On the other hand, if the post-synaptic scaling function is stronger than the pre-synaptic one (i.e. is higher), then the neurons tend to learn more than one pattern and respond to all of them. Similar results can be verified from Figure 7 where the learning rate was varied instead of the SFR. In this study as well we observe that a higher learning rate, although leads to faster convergence and lower training loss, leads to a less generalizable model. Hence, we empirically observe that hyperparameters of STDP models that lead to better generalizability can also make an SNN harder to train.

4.4 Results of Hyperparameter Optimization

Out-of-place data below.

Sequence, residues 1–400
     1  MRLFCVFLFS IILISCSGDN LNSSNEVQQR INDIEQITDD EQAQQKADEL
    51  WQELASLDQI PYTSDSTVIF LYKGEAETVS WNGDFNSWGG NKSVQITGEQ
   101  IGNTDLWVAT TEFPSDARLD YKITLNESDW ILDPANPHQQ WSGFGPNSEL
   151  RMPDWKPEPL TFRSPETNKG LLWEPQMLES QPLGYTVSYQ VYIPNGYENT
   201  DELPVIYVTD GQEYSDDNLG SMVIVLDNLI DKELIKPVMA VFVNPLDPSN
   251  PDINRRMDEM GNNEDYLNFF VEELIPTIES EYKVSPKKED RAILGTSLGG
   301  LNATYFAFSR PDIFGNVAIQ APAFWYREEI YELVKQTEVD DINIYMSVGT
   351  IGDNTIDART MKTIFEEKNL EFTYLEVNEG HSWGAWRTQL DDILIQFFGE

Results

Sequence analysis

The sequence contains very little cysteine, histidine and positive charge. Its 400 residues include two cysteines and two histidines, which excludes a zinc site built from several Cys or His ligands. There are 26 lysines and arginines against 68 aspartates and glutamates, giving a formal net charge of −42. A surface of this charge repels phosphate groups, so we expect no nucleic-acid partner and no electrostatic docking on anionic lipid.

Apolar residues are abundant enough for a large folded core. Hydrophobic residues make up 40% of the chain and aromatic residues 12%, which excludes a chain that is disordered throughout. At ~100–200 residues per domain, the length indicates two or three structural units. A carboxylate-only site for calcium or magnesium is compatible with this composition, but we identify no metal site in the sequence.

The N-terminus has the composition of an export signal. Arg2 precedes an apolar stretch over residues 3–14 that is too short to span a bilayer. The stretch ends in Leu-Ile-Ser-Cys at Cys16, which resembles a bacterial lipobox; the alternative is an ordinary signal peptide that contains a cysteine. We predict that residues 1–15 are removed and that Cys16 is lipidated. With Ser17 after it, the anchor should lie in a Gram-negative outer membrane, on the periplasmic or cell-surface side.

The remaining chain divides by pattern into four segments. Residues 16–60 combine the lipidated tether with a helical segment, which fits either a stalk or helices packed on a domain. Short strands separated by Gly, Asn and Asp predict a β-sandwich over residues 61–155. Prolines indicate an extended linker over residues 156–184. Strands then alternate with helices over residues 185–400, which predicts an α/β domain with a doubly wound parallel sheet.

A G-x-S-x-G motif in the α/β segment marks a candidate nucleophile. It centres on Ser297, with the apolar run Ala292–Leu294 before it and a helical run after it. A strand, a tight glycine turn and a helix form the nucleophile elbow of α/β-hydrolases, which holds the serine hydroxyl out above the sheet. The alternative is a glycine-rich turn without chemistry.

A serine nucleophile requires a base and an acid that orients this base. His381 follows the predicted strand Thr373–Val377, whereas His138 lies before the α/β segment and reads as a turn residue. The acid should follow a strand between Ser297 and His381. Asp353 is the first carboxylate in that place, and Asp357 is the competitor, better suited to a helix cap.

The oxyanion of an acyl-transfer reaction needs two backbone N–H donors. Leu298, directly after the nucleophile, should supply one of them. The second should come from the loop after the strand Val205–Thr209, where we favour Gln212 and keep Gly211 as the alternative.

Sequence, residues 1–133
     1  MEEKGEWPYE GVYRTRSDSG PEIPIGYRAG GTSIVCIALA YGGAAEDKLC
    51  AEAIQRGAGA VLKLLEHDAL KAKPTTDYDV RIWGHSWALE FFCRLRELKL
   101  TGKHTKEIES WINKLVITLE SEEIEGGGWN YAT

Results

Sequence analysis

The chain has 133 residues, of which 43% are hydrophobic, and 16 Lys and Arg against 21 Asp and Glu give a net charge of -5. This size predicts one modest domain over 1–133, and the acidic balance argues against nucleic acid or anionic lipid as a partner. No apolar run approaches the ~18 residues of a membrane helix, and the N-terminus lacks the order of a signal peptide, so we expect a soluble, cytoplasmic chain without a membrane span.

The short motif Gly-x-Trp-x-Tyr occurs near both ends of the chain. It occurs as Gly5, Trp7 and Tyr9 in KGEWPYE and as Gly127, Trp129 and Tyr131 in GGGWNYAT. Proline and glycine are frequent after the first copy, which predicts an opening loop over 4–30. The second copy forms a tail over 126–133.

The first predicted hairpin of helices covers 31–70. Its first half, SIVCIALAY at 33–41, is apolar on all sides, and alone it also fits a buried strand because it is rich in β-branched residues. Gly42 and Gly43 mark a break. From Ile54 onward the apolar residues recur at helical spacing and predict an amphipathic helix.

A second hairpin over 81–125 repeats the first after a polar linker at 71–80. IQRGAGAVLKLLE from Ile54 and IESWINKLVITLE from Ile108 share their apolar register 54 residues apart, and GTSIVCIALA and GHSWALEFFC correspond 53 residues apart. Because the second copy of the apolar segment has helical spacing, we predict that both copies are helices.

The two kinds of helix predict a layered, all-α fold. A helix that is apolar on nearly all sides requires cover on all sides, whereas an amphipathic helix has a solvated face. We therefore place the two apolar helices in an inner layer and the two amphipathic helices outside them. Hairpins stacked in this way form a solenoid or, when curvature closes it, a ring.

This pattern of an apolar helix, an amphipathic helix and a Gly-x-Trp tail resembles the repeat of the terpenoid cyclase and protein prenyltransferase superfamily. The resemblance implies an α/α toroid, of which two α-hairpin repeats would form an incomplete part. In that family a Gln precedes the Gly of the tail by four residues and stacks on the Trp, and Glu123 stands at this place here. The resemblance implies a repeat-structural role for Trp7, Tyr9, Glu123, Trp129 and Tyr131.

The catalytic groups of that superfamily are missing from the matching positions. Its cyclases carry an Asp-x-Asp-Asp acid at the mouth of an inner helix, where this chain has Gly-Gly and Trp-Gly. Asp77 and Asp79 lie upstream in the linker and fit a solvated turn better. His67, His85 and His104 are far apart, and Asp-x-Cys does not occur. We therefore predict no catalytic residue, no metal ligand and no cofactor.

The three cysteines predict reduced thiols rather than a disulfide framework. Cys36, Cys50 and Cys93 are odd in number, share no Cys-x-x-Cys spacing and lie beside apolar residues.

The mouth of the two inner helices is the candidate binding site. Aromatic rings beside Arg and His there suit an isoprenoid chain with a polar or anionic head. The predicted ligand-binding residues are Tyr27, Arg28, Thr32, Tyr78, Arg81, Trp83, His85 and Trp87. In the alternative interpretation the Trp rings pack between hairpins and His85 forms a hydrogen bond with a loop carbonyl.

In Section 4.2, we empirically showed that the Hausdorff dimension is a good measure of the generalizability of the model and it can be very efficiently controlled using the hyperparameters of the STDP learning process. In this section, we show the application of our Bayesian optimization strategy to search for the optimal hyperparameters to increase the generalizability of an STDP-trained SNN model. For the sake of brevity, we demonstrate the application of Bayesian optimization on the log-STDP process. Table 5 shows the set of hyperparameters that are optimized and their optimal values obtained by our approach. It should be clarified here that the hyper-parameters are not necessarily the absolute global optimum but a likely local optimum found in the optimization algorithm. The optimized log-STDP model results in a training accuracy of 93.75%, testing the accuracy of 90.49%, and a BG Index of 0.718 for the MNIST dataset.